So while plastic straws may not be killing sea turtles in hordes, they are killing sea birds, and plastic overall have caused huge and deadly effects to many sealife species. We have known that plastic is bad for the environment and the oceans for quite a while, given the fact that the Great Garbage Patch was discovered almost 20 years ago, so it's more than time to start caring about the problem. If we can eliminate single-use plastic straws that aren't biodegradable, we can stop using other single-use plastics and make a better effort to reduce our harmful impacts on the oceans. Individually, we can move towards small changes, which can move our society to a more sustainable and healthy place. If you are more interested in this topic, I would suggest reading about how you can make a change or looking at this article and checking out this scientific journal.

Cover Image Credit:


Vinicius Amano

@viniciusamano

FollowVinicius Amano

Related Content

Connect with a generation
of new voices.

We are students, thinkers, influencers, and communities sharing our ideas with the world. Join our platform to create and discover content that actually matters to you.

Learn more Start Creating

6 Small Ways To Live More Sustainably

Here are a few easy tips that will help you protect the beautiful planet we live on.

23
views

Living sustainably has been a major focus of my life recently after finding out that it's not that hard for me to do my part. We live on a beautiful planet that contains the resources that help life as we know it to operate. We are dealing with problems that are caused by humans such as smog, trash in the oceans, and polluted waterways. While we can't fix pollution by ourselves, we can do our small part to help keep our planet clean and safe. So here are some easy, tangible tips that all of us can do to live more sustainably.

1. Recycle 

In elementary school, we all learned about reducing, reusing, and recycling. Recycling is one of the easiest things we can do because most colleges and communities already recycle and it just takes a conscious effort to differentiate your waste between trash and recycling.

If your community doesn't have an easy recycling process, you can still put in the extra effort of taking it to the local recycling plant or request curb side pickup. The reason we need to recycle is that trash in landfills can release both harmful chemicals and greenhouse gases into the environment so we are cutting down the amount of trash that ends up in landfills and allowing our goods to live longer lives.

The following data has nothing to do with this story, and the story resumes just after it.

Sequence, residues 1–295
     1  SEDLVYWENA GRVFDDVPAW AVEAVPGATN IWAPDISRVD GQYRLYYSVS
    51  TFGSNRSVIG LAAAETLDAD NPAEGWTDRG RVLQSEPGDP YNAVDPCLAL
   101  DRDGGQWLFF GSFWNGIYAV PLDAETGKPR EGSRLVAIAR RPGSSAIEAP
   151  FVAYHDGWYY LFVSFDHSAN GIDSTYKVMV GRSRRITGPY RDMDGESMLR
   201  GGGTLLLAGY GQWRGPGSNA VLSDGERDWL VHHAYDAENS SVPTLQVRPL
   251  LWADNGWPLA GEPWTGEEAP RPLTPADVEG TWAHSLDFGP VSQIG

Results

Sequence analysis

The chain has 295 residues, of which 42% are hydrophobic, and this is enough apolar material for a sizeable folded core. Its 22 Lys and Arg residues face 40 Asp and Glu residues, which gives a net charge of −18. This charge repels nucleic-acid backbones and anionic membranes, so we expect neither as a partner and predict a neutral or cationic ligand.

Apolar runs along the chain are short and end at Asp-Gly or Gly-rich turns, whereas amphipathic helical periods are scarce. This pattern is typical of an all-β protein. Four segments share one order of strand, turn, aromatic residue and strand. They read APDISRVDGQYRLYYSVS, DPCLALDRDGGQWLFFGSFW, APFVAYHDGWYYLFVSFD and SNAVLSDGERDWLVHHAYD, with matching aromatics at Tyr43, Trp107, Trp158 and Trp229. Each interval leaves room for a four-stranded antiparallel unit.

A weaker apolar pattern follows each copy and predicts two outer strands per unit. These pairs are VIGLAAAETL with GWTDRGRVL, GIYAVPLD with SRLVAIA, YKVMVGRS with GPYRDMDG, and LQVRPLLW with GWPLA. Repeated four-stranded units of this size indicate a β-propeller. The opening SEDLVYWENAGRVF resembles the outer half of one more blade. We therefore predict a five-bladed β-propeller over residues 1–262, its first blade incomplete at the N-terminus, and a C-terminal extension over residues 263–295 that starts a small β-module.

2. Rely on your car less 

Motor vehicles account for most of the United States' carbon monoxide pollution according to the EPA. Some easy solutions to this problem would be to carpool more, drive a car or scooter that get's really good gas mileage, walk or bike to school or work, or use public transportation.

3. Use less water 

This is an incredibly easy change that you can make in your life that will help out the planet. Take quicker showers, turn the water off when you are washing your hands or brushing your teeth, and try not to take baths often. Not only will this limit your impact on the earth's already small amount of fresh water, but it will save you some money on your water and energy bills every month.

4. Buy quality goods 

Whether it be clothes, household items, or equipment for whatever your hobbies are, spending extra money on something that will last you a long time rather than wasting money on cheap stuff that you will end up throwing away after a few months will save you money in the long run and will help you reduce your trash output.

5. Repair your goods 

Extending the lifetime of your items has the same benefits as the prior point. You'll be saving money and you get the added benefit of an emotional connection to an item because you've fixed it and it's been in your life a long time. Whether you're patching up a hole in your coat or repairing the soles of your shoes, you're keeping that item alive and out of a landfill.

6. Get yourself a reusable water bottle 

This one is the easiest out of all of them. Single-use plastics are one of the worst environmental impacts humans are having on our oceans. In 2012 there was a reported 165 million tons of plastic in our oceans. While a lot of is does degrade after about a year, the degrading plastic releases harmful chemicals into the water and more plastic is going into the ocean every year. Marine animals are also being harmed by plastic in the oceans if they try to eat it or are caught in it. Reusable water bottles help cut down on plastic pollution. If you don't like the taste of your tap water, I'd recommend getting a water filter! Plus, you can cover your water bottle in stickers which makes it personal to you!

Related Content

Facebook Comments